It seems to me that the first responsibility of architectural design is an intelligent response and supportive contribution to what is around it. In other words, a new building’s form and spirit should respond to the terrain, existing vegetation, natural amenities, or most often, urban design of which it will become an integral part. All other architectural considerations are, or should be, secondary to this.
Take for example a street of two and three story buildings, with many of these buildings abutting, that is, without side setbacks. A new building is proposed. It is eight stories high, with large plazas separating it from its neighbors. We can evaluate the architectural style of this proposed building, the form, the materials, or the colors. These are important considerations to be sure, but only secondary to the first question: how does this proposed building enhance the neighborhood–what is the character (and the characteristics) of its urban design? If creating wonderful, livable communities is, as so many claim, our goal, each building must first support the formation, enhancement, and enrichment of the place in which it is located. Do you think the buildings shown above do this? Do the town homes on the previous page?
It is my experience that this is not a very well understood concept. So often we see architectural drawings or photos of proposed (or completed) buildings that do their best to isolate the building from what is around it. In the architectural journals it is very popular to not even have people in the pictures—only the building itself. It is as if the high art of the magnificent building is somehow corrupted by showing anything else, including the users for which it was assumedly designed.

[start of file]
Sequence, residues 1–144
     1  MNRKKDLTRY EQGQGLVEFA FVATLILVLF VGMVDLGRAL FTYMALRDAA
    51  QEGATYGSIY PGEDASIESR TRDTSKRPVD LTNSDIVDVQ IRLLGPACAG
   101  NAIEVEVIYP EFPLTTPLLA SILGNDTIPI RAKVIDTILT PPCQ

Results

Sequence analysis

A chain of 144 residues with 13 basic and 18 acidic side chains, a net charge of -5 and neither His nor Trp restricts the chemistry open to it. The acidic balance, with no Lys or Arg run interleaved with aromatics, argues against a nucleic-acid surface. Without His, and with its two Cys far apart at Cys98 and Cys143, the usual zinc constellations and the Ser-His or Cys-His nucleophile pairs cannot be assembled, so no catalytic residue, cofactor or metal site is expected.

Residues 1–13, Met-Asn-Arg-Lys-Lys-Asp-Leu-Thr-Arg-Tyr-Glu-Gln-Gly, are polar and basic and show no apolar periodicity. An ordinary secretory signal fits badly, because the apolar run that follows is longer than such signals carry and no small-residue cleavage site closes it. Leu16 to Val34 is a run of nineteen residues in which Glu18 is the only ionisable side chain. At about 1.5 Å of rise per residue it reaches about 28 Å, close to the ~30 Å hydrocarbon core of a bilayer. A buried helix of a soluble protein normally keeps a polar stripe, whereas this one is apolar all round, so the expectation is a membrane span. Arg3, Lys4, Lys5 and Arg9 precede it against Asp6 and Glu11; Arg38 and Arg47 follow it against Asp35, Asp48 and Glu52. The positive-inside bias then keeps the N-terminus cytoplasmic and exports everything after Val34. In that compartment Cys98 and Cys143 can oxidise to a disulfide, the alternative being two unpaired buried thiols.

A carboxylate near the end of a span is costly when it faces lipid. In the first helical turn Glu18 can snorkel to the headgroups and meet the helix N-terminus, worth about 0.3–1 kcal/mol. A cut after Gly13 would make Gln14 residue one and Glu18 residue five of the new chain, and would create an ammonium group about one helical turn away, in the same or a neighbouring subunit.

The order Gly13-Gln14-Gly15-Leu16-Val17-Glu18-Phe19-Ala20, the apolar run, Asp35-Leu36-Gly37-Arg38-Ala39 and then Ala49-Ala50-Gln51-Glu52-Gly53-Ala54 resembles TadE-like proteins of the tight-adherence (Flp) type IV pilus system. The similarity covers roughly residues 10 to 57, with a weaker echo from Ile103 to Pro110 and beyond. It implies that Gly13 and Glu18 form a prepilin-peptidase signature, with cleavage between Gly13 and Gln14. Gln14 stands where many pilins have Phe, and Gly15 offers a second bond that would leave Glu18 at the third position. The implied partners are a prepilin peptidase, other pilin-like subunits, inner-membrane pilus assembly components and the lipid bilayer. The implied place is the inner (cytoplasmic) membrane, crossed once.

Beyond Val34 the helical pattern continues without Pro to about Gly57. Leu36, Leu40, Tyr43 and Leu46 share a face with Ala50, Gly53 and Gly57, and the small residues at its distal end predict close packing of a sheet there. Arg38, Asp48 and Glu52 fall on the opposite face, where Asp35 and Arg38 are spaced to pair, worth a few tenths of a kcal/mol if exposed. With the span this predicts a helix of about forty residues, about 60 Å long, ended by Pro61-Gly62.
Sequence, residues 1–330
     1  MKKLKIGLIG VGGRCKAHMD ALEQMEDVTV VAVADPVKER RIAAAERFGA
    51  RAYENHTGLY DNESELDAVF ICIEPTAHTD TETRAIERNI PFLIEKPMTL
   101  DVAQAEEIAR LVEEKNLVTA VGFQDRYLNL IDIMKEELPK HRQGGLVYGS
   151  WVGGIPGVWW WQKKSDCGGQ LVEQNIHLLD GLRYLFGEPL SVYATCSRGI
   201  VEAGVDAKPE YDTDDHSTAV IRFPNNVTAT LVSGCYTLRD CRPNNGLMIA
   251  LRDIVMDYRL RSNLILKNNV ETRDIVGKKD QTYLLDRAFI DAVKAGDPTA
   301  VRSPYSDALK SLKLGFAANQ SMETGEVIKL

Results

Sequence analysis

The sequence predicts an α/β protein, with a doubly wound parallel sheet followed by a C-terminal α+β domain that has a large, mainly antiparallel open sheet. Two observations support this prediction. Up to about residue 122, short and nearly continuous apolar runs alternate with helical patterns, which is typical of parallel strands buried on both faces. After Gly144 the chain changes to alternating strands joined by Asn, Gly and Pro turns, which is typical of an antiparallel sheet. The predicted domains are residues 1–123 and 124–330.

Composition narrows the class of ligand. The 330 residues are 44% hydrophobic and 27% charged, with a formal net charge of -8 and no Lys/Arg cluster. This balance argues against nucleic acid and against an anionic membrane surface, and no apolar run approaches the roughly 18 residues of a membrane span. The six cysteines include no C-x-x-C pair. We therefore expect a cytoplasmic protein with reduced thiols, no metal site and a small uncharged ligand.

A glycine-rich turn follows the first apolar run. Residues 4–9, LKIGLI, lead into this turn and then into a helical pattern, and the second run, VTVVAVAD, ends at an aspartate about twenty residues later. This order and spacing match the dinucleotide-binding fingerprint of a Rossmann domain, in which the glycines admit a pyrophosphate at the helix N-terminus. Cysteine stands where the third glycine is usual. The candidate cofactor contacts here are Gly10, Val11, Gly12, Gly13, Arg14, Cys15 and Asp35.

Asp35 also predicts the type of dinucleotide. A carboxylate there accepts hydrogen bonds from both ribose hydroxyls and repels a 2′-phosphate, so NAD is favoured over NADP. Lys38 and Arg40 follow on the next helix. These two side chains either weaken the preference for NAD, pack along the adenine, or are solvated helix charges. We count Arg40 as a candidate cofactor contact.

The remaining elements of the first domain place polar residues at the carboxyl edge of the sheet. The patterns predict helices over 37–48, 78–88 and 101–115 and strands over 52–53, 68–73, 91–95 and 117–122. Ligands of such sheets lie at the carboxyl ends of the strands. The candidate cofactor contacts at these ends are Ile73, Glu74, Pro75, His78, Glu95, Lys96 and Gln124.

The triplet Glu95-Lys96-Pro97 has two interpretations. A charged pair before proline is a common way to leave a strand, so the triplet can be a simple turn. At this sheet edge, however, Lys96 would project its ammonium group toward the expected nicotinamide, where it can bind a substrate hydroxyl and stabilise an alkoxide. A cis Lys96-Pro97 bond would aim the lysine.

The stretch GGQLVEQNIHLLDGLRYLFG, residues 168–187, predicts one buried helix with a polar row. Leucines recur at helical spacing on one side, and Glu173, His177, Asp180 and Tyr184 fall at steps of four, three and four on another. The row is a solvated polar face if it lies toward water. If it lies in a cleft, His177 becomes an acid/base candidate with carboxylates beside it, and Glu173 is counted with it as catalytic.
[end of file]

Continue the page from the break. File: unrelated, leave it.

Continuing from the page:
This requisite urban design response is not formulaic—it is specific to each case, each site for which a new building is designed. Often it is a difficult job to define what this response should be—but it is of vital importance. And only when it is successfully employed can we move on to the next Architectural Consideration: the Exterior Appearance.
Next: Architectural Basics: the Exterior Appearance